A word of caution to my activist friends from a religious right wounded warrior

Disclaimer:  I admit that this post has nothing to do with student ministry and is far away from the normal subject matter that is discussed on this blog.  However, I think that we as Christians must be in the mix regarding issues of race and sexism.  We need to help those in our circles to navigate these difficult topics.  My intention is to find common ground, own the garbage on my side of the street, and move conversation and policy forward in a way that resembles the Kingdom of God.  

I have been brokenhearted by the news of the past few months, especially surrounding issues of racism and rape.  

These are two of the most awful types of crimes,  in that, when we objectify or dehumanize others, no matter the reason, but especially based on race and gender, we spit in the face of God and his Creation.  He created all of humanity in His image, and therefore all humans are worthy of dignity and respect.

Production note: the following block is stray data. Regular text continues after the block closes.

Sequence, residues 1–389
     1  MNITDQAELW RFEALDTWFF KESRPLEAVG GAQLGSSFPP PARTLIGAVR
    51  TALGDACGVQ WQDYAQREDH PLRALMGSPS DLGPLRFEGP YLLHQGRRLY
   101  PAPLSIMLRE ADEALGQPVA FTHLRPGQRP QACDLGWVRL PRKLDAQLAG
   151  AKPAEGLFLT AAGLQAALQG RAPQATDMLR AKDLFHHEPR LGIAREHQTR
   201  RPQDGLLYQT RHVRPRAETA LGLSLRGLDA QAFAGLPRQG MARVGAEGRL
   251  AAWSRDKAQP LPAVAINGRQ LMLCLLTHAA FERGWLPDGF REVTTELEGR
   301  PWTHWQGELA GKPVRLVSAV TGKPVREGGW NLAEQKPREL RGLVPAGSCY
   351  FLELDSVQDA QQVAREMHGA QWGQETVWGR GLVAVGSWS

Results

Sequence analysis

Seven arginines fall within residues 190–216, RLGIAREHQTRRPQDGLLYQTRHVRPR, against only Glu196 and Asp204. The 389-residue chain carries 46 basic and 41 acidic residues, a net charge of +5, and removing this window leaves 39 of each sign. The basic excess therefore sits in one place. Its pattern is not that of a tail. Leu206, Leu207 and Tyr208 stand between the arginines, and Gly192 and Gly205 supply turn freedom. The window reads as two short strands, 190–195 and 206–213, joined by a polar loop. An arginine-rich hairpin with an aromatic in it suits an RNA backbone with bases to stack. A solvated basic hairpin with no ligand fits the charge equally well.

Over the past month I have read and watched just about all I could get a hold of as the grand juries met in Ferguson and in New York, and where the aftermath of rape charges in the the University of West Virginia, as well as at Olbelin college, which was supposed to spark a much needed national conversation.  But, instead, it seems that everyone has gone to the echo chamber of their particular camp and have turned up the rhetoric.   

I love and value my activist friends and their passion to keep issues of racism, institutional racism, a broken justice system, mass incarceration, sexism, rape culture, and brutality towards woman front and center.  These are issues that any follower of Christ should care about, should advocate for, and should stand shoulder to shoulder on.  Christians are the original abolitionists, the original feminists, and should never give up that mantle.